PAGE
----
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Big Pharma changes spending amid pressure to charge less

Major firms spent less on lobbying in Q2 from Q1, which saw records, as Trump pushes them to lower drug costs

In May, Health and Human Services Secretary Alex Azar published American Patients First, a blueprint detailing plans to lower prices and out-of-pocket costs.

New York

SEVERAL major pharmaceutical companies lowered their spending on lobbyists in the second quarter of 2018, a time of uncertainty as President Donald Trump's administration continued its campaign to lower drug costs for consumers.

Pharmaceutical Research and Manufacturers of America spent US$5.54 million between April and June, down 7.7 per cent from the same period last year, according to disclosures released by the federal government on Friday.

Companies including Johnson & Johnson and Bayer Corp decreased their spending from the first quarter, when several companies set lobbying records amid the first signs of Mr Trump's moves to reduce out-of-pocket medicine costs.

The president himself has made pharmaceutical companies targets of his barbed tweets.

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Lobbying efforts by Merck & Co cost US$830,000 in the second quarter, and this represented a 57.9 per cent decrease from last year. Pfizer Inc, on the other hand, spent US$1.94 million on Washington lobbying in the second quarter, a 2.1 per cent increase in lobbying spending since last year.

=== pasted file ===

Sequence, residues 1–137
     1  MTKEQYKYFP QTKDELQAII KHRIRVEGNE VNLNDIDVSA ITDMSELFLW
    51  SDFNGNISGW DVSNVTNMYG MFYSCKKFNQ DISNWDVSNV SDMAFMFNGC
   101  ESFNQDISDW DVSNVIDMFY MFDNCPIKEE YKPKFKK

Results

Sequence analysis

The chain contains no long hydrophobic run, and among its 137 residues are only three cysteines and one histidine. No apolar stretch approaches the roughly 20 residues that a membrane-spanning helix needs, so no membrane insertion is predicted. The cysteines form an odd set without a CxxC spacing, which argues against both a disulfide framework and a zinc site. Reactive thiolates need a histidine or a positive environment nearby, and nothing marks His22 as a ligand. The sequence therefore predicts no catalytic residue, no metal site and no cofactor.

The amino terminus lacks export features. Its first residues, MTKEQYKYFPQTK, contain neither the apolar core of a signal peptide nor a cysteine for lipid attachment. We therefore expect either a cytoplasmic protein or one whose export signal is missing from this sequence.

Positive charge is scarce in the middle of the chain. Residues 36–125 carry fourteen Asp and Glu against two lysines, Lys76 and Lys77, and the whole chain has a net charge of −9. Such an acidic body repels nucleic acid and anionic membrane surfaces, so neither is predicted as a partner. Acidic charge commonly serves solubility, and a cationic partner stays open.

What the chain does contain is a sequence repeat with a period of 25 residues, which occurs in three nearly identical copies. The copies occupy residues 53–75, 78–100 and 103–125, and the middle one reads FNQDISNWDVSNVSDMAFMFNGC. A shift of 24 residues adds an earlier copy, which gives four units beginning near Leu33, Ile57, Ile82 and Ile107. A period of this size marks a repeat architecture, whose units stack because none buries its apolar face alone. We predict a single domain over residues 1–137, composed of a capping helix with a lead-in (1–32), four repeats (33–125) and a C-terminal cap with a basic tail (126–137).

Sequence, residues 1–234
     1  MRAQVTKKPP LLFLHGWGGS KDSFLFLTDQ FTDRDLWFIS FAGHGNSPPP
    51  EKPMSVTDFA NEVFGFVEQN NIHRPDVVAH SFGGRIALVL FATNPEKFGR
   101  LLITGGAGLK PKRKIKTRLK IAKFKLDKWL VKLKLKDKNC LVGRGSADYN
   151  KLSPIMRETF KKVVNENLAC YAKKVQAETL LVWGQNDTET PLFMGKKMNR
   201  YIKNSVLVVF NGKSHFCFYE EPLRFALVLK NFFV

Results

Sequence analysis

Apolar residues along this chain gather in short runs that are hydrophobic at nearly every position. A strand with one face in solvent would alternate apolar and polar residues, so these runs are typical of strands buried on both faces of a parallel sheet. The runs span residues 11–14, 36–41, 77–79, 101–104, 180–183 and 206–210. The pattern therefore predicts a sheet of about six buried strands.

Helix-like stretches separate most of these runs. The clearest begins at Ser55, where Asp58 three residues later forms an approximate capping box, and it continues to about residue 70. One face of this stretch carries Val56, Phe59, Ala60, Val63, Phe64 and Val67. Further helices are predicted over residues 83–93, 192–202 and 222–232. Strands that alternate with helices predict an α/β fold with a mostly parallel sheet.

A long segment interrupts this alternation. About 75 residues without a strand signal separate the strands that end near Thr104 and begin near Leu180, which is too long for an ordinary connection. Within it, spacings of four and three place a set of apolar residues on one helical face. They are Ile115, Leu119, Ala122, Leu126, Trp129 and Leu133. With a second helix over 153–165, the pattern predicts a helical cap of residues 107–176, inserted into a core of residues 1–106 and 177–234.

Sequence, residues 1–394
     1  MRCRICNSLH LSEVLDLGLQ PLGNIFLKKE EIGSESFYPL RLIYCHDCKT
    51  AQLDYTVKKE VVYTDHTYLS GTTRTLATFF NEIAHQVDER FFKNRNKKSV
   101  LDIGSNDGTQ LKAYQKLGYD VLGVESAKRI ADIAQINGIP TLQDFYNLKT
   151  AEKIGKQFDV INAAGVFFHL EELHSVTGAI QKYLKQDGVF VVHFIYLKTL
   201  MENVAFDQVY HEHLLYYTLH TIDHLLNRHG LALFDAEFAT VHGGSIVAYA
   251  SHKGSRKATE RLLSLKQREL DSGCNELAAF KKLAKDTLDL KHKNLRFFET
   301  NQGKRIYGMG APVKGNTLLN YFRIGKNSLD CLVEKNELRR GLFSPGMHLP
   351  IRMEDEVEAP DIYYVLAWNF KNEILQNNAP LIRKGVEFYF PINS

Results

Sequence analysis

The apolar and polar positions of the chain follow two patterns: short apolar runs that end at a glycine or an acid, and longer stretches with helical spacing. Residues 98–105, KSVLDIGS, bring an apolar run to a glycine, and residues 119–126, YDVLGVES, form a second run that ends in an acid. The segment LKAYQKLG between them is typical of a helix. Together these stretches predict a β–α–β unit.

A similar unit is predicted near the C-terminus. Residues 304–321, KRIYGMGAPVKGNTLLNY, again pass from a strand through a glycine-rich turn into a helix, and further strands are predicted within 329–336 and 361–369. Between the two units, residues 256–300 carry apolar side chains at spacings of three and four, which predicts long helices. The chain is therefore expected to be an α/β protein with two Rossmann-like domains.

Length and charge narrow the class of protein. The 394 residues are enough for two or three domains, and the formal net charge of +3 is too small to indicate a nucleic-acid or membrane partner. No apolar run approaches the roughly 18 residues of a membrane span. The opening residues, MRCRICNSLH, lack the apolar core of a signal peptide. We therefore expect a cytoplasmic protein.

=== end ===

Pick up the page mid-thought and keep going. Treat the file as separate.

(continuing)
In May, Health and Human Services Secretary Alex Azar published American Patients First, a blueprint detailing plans to lower prices and out-of-pocket costs by lifting rules preventing government health programmes from securing deep discounts and introducing incentives for drug-makers. The pharmaceutical trade group and AbbVie Inc lobbied on the blueprint, according to the filings.

On Wednesday, Mr Azar submitted a proposal to the White House that would cut rebates offered to insurers and pharmacy-benefit managers, a measure drug companies have not backed.

Earlier this month, after the end of the period reflected in the disclosures, Pfizer, which is based in New York, decided to delay expected increases in drug prices after Mr Trump tweeted the company was "merely taking advantage of the poor", although prices across the industry are still on the rise.

Within days of the Pfizer announcement, Swiss-based drugmaker Novartis AG's chief executive officer Vasant Narasimhan told Bloomberg that the decision to back off from further price increases was "prudent" given the "dynamic environment" of policy in the US, while saying the company aimed to return to "value-based pricing". Novartis's spending on lobbyists decreased to US$860,000 from US$3.28 million during the second quarter, which began April 1.

The drug company, in May, also faced controversy over revelations that it had paid US$1.2 million to a consulting firm headed by Mr Trump's one-time personal lawyer, Michael Cohen, to gain insight into the administration's healthcare policy. The company's top lawyer stepped down over the arrangement, which Mr Narasimhan called a "mistake". BLOOMBERG

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